The yen demonstrated a significant strengthening on Tuesday in response to the news of an upcoming meeting between Japan’s finance ministry and central bank.
Simultaneously, the dollar surged to a two-month high against a basket of its peer currencies following the resolution of the U.S. debt ceiling issue.
After the news was made public, the US dollar witnessed a slight decline of 0.18% compared to the Japanese yen, reaching a settlement at 140.18.
The Japanese Ministry of Finance revealed that esteemed representatives from the Ministry of Finance, Bank of Japan, and Financial Services Agency would gather for a meeting starting at 5:30 p.m. (0830 GMT).
Before this announcement, the U.S. currency had reached a six-month high of 140.93 yen.
In the past year, investors closely monitored the policy decisions of the Bank of Japan, particularly after their intervention to strengthen the yen.
This year, attention has shifted to the possibility of the bank altering its ultra-loose monetary policy stance and the timing of such adjustments.
Kenneth Broux, the head of corporate research for FX and rates at Societe Generale, expressed doubts about the likelihood of foreign exchange intervention at current levels.
“I believe the threshold for actively selling the dollar is higher,” he remarked. “This is just the beginning of an attempt to slow down the pace of yen depreciation.”
Jane Foley, the head of FX strategy at Rabobank, concurred that the meeting was unlikely to result in policy changes but suggested that it could indicate a shift in policy sentiment.
She highlighted the significance of the Bank of Japan’s meeting in July for insights into the future of the Bank’s yield curve control policy.
Meanwhile, the greenback index, which trials the worth of the U.S. currency against six mainstream currencies, rose by 0.2% to reach 104.51, its peak level in the past 10 weeks.
In the previous week, the value of the dollar increased as a result of heightened demand for safe-haven currencies due to apprehensions surrounding a potential default by the United States.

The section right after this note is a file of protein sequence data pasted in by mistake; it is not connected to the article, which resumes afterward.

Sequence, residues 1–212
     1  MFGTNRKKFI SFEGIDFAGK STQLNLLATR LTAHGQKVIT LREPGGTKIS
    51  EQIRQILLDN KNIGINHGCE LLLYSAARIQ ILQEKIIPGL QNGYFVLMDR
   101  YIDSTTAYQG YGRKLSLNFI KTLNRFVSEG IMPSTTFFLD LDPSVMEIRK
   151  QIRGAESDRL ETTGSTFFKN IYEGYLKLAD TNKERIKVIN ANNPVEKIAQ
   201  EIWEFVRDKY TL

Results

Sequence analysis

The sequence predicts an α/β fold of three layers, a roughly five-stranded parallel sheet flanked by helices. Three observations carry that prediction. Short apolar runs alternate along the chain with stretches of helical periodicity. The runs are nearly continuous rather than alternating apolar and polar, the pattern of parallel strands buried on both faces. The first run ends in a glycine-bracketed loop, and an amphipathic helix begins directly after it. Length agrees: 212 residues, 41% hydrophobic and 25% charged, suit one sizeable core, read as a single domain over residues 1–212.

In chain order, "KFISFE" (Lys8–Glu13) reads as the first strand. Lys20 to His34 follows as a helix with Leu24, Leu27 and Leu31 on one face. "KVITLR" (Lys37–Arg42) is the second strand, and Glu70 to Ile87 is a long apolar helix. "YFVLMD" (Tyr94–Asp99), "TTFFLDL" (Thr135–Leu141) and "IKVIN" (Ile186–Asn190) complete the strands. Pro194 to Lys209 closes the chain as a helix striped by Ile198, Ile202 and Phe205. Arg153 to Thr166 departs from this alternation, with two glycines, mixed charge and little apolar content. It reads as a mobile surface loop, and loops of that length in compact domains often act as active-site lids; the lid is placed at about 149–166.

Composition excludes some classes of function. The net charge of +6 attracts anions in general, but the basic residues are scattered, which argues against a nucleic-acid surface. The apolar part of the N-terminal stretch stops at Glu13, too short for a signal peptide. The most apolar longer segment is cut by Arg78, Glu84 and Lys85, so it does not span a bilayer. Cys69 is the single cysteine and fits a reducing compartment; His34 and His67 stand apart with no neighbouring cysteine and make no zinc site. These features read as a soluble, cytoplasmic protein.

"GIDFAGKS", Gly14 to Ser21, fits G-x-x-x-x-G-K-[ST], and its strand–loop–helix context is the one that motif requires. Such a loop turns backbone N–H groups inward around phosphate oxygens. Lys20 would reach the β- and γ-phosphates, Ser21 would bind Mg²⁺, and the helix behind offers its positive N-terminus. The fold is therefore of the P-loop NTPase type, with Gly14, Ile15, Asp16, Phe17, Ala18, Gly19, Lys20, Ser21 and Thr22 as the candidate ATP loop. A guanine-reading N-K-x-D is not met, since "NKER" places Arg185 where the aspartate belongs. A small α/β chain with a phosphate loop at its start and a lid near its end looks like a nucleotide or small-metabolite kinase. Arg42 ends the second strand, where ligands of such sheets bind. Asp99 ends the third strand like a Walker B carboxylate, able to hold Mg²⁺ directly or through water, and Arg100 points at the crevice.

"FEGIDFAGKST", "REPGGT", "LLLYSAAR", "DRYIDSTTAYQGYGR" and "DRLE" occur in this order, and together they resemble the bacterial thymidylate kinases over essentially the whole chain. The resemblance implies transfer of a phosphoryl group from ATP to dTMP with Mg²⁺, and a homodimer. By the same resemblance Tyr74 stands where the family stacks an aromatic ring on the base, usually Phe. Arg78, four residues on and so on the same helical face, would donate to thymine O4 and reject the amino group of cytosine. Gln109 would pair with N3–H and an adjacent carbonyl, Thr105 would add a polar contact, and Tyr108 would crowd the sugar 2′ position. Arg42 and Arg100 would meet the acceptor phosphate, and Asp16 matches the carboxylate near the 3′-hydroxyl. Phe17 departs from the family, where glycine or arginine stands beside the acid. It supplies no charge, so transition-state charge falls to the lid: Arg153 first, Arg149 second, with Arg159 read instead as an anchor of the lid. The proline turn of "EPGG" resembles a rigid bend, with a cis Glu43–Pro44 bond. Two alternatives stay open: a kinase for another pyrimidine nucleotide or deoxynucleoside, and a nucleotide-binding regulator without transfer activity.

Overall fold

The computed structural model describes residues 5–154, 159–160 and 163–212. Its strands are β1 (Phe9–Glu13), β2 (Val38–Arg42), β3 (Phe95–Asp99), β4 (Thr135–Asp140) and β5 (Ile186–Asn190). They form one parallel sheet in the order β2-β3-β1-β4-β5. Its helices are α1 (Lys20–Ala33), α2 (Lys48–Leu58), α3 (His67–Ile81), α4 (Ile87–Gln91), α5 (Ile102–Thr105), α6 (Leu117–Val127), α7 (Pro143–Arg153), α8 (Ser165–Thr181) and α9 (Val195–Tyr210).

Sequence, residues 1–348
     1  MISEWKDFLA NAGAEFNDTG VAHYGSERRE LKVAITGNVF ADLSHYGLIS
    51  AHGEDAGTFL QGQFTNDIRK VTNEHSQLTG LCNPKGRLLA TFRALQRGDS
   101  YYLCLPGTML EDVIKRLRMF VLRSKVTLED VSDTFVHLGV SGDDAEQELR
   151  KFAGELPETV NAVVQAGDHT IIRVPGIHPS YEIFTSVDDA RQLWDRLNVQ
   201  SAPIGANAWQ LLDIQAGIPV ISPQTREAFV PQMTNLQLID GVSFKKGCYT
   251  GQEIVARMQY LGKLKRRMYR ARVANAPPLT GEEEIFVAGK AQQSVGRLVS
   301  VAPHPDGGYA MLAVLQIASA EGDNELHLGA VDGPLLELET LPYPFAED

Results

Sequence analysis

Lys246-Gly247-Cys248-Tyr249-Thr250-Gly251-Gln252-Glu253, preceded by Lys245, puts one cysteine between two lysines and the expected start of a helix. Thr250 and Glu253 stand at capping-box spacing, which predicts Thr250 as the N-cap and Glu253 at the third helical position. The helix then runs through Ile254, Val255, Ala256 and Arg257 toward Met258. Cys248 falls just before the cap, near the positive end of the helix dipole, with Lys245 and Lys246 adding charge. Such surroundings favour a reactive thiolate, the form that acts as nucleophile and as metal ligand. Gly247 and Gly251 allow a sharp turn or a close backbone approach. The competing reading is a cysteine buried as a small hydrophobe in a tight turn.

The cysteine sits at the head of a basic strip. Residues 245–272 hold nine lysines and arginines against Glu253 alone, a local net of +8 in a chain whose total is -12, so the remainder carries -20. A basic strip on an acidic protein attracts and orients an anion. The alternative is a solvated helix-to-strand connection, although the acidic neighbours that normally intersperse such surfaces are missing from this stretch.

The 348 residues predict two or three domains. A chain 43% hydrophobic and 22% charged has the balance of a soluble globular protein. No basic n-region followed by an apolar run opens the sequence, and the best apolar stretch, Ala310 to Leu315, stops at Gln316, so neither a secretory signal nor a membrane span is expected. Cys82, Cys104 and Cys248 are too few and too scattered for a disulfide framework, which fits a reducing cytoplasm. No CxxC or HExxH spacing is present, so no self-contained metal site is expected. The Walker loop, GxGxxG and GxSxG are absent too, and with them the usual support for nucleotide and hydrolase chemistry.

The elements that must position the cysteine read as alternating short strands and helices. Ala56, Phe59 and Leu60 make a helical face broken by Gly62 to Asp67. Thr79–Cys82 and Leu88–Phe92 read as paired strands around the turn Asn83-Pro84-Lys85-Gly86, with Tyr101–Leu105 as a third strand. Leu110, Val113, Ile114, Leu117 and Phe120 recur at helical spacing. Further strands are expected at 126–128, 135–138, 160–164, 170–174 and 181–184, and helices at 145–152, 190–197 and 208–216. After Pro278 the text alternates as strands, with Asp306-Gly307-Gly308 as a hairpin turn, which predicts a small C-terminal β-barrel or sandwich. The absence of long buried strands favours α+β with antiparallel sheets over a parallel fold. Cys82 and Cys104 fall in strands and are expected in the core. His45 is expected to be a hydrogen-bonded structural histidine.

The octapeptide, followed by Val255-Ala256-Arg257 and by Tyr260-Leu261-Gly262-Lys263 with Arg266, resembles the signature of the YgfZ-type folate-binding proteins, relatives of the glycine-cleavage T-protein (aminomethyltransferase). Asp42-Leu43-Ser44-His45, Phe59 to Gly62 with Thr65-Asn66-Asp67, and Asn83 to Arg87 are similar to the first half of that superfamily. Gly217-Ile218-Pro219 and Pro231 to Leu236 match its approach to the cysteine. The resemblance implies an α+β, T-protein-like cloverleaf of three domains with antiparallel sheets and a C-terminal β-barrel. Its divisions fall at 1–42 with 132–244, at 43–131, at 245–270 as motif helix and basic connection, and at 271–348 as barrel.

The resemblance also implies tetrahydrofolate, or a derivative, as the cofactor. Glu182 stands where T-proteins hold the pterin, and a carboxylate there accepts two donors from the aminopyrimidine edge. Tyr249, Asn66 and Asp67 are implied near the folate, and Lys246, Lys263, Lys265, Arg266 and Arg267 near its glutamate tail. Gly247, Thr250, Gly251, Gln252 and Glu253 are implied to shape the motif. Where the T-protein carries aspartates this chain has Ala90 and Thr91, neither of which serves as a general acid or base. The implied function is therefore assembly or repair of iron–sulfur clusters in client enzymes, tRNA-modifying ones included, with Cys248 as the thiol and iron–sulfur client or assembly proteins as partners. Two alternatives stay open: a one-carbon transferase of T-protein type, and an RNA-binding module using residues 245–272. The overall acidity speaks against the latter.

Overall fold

However, this week, the dollar continues to strengthen as it appears that the United States will successfully evade default.
These circumstances signify a notable surge in demand for the U.S. dollar.
She also emphasized that market focus has shifted to whether the U.S. Federal Reserve will raise interest rates again, potentially in July, though not necessarily in June.
This, combined with a reassessment of market positions (as many investors have been reducing their dollar holdings since the end of last year), has contributed to the ongoing support for the dollar.
Over the weekend, President Joe Biden and Republican House Speaker Kevin McCarthy reached an agreement to temporarily suspend the U.S. debt ceiling and impose spending limits to prevent a debt default.
However, a few hard-right Republican lawmakers expressed their opposition on Monday, posing a risk to the passage of the deal in Congress before the debt limit is reached. The deadline for this is expected to be next Monday.
In other currency movements, the euro experienced a decline of 0.28% against the dollar, settling at $1.0674, while the pound dropped 0.13% to reach $1.2345.
Meanwhile, China’s onshore yuan weakened to 7.0995 per dollar after the country’s central bank set the fixing at its weakest level since December.
Additionally, the offshore yuan also declined below the significant level of 7.1 per dollar.
Furthermore, the Turkish lira continued its downward slide, reaching a new record low following President Tayyip Erdogan’s victory in the country’s presidential election on Sunday.
Given several current predicaments, the rising yen is a dire sign of relief to the concerned markets, although the greenback raised reasonable concerns. If the environment-sensitive dollar rebounds after the debt-ceiling crisis, it will likely reign above all again.